Observation 21194: Phellinus tremulae (Bondartsev) Bondartsev & P.N. Borisov
When: 2009-05-21
No herbarium specimen

Notes: A dying tree along the 200m section of trail I’ve nicknamed the “Miracle Mile” hosts these. I hadn’t bothered to take a close look before, but decided today to get some decent photos, some by using new tricks. I got eight good ones.

First photo: Image thumbnail, cropped from third photo.
Second photo: Top of the doomed tree. No fruitbodies visible.
Third to fifth: Tree trunk with conks, increasing closeups. First two from same spot with second using telephoto. Third another group of conks from another angle.
Sixth to ninth: A particular conk — whole, closeup of underside near trunk, closeup of rim with tree and cracked, wrinkled top in focus, and closeup of rim with rim and part of undersurface near rim in focus.

Edit, June 11: attempted to get more detailed shots of the underside, with partial success.

A new mushroom group was growing on the same tree: http://www.mushroomobserver.org/22101

Edit, June 23: added four more photos of the underside, better than June 11’s.

Edit, March 7 2010: this sucker is definitely perennial. Same fruitbody, nearly a full year later. Whether it stays fertile that long I don’t know, but the conk sure seems to persist year-round.

Proposed Names

9% (2)
Recognized by sight
77% (3)
Recognized by sight: Not birch! The tree is aspen, or at least som kind of poplar..

Please login to propose your own names and vote on existing names.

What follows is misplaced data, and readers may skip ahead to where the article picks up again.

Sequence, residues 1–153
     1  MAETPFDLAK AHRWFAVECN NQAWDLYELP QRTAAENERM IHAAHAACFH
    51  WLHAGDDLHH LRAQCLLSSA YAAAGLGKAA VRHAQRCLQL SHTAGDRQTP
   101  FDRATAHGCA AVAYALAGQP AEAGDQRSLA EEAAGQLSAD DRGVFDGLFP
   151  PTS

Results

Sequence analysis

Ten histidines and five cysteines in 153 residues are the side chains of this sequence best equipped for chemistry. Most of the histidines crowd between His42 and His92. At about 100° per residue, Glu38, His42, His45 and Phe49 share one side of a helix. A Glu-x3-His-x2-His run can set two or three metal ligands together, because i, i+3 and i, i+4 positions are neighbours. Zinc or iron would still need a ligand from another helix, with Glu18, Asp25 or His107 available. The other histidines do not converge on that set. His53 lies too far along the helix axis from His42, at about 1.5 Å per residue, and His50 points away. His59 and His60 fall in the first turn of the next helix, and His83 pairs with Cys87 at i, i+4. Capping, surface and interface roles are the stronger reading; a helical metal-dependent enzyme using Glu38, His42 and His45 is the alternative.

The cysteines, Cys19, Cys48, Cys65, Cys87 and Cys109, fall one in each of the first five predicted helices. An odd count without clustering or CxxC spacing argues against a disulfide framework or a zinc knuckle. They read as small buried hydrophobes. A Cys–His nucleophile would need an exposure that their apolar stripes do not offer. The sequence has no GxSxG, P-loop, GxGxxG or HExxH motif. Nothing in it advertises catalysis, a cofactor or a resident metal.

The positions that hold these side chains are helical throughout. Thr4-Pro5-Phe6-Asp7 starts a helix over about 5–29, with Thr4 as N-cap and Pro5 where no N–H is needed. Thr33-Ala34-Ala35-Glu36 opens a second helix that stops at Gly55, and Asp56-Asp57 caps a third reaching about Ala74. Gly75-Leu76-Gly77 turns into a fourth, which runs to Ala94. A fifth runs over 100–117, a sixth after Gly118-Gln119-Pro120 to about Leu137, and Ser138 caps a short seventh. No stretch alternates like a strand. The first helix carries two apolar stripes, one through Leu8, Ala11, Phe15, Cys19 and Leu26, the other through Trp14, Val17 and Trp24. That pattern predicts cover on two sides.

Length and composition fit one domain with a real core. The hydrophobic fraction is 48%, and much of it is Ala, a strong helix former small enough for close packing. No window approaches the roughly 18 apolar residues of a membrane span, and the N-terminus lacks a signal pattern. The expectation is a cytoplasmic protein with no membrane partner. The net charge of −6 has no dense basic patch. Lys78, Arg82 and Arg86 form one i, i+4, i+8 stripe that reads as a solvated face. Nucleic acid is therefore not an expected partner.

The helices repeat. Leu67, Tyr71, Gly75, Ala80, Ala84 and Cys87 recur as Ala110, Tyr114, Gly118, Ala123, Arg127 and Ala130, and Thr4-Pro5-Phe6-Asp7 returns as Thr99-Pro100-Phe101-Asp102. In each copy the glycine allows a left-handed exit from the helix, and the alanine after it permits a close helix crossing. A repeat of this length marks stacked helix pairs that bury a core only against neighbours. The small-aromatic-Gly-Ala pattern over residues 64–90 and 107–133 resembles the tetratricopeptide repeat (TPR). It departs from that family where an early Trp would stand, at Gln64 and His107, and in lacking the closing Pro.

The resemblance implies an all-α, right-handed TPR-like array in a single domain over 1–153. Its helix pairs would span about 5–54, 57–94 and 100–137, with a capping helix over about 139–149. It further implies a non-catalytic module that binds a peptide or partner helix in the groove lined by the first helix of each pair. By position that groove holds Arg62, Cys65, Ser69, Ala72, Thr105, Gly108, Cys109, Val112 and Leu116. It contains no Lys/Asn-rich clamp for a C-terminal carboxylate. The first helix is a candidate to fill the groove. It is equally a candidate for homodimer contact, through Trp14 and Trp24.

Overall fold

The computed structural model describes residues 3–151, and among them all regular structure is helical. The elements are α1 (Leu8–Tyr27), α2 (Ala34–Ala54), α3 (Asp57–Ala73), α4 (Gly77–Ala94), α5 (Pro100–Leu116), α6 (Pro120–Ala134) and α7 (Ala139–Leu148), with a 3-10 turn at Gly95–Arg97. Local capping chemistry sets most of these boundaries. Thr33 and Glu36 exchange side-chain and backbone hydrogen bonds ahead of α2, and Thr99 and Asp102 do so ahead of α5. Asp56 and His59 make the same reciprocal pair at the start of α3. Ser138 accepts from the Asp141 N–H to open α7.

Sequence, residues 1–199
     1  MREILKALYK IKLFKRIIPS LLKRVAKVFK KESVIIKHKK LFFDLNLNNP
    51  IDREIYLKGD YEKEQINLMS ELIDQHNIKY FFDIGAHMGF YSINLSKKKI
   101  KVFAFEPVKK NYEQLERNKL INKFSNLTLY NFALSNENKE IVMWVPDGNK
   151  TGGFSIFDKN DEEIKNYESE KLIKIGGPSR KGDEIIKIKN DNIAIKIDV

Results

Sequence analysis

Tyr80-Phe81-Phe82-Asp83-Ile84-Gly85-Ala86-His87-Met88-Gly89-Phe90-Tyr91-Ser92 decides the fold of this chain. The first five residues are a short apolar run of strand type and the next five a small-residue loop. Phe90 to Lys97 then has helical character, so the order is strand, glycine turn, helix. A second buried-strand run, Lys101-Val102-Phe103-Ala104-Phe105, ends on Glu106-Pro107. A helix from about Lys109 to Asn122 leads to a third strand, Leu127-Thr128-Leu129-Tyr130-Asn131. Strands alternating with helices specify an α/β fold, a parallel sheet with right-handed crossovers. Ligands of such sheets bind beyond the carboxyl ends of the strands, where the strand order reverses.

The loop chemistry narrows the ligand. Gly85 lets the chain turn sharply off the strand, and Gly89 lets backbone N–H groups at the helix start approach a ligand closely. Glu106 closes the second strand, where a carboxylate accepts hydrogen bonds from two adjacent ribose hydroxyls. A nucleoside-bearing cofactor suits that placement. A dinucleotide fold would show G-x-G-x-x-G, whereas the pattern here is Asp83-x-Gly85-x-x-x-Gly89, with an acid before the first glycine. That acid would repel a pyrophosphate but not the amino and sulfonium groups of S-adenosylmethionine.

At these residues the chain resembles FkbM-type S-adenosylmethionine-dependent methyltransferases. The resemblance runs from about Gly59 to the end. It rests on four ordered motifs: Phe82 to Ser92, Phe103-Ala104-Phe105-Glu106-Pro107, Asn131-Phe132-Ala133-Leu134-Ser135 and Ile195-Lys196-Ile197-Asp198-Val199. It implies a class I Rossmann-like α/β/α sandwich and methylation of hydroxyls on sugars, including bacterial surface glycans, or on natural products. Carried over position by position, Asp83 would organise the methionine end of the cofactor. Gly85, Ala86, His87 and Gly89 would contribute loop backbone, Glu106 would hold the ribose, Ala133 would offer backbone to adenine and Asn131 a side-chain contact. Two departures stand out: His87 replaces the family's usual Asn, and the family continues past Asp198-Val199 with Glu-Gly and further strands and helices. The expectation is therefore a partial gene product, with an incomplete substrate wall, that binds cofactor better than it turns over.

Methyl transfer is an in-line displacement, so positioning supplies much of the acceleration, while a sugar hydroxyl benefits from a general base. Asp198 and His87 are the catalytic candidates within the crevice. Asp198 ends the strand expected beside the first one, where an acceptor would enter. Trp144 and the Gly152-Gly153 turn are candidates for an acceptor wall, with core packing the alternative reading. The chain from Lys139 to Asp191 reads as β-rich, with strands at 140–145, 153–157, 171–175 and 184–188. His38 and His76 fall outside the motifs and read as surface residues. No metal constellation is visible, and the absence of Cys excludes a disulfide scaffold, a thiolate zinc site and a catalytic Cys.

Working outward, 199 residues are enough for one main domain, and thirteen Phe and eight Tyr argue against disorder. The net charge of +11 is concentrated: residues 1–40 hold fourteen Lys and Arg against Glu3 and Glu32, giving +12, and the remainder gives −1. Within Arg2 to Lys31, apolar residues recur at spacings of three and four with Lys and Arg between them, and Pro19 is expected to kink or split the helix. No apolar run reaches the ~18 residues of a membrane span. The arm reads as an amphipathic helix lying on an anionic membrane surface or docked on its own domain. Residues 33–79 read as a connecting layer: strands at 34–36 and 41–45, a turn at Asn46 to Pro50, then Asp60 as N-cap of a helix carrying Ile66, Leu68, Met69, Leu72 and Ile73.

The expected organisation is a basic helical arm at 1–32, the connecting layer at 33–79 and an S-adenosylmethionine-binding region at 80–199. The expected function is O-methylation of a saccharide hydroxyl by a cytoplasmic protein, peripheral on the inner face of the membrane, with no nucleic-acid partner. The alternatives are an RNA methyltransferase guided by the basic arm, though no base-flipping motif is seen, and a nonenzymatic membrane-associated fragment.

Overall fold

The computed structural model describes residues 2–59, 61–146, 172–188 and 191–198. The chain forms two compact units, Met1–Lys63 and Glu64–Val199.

Eye3 = Observer’s choice
Eyes3 = Current consensus


Add Comment
By: Joseph O'Brien (vaprwere)
2009-06-29 12:44:15 PDT (-0700)

The tree is an aspen (Populus tremuloides). I agree with Tom that some of the sporocarps don’t present in the normal P. tremulae fashion, but others in the set do look like typical sporocarps of this fungus.

Tree species
By: Paul Derbyshire (Twizzler)
2009-05-27 22:54:00 PDT (-0700)

I’ve been making an effort to more precisely identify the tree species around the area. Besides paper birch there seems to be a stand, in one area, of what might be quaking aspen instead, which has white bark.

I don’t suppose there’s a treeobserver.com that can ID trees from photos? The resources online for tree identification that I found are shockingly paltry and often primitive. A series of rows of name, leaf photo, twig-with-leaves photo, flower photo, fruit photo, young bark photo, old bark photo, young tree photo, and old tree photo would be useful, and none has this structure that I found, or an interactive system like MO uses for mushrooms.

By: Tom Volk (TomVolk)
2009-05-27 19:19:38 PDT (-0700)

I agree that this does not look like a white birch. Do you have other species of birch in your part of Ontario? Like gray birch? It looks more like aspen to me, but the fungi do not have the aspect of Phellinus tremulae— they stick out way too much. In any case great pictures with the telephot lens!

You sure?
By: Paul Derbyshire (Twizzler)
2009-05-24 19:07:53 PDT (-0700)

You sure? White bark, stature and leaves, etc. and the whole area is mainly birch/pine/spruce mixed…

Created: 2009-05-21 18:59:46 PDT (-0700)
Last modified: 2009-05-21 18:59:46 PDT (-0700)
Viewed: 617 times, last viewed: 2016-10-27 18:41:05 PDT (-0700)
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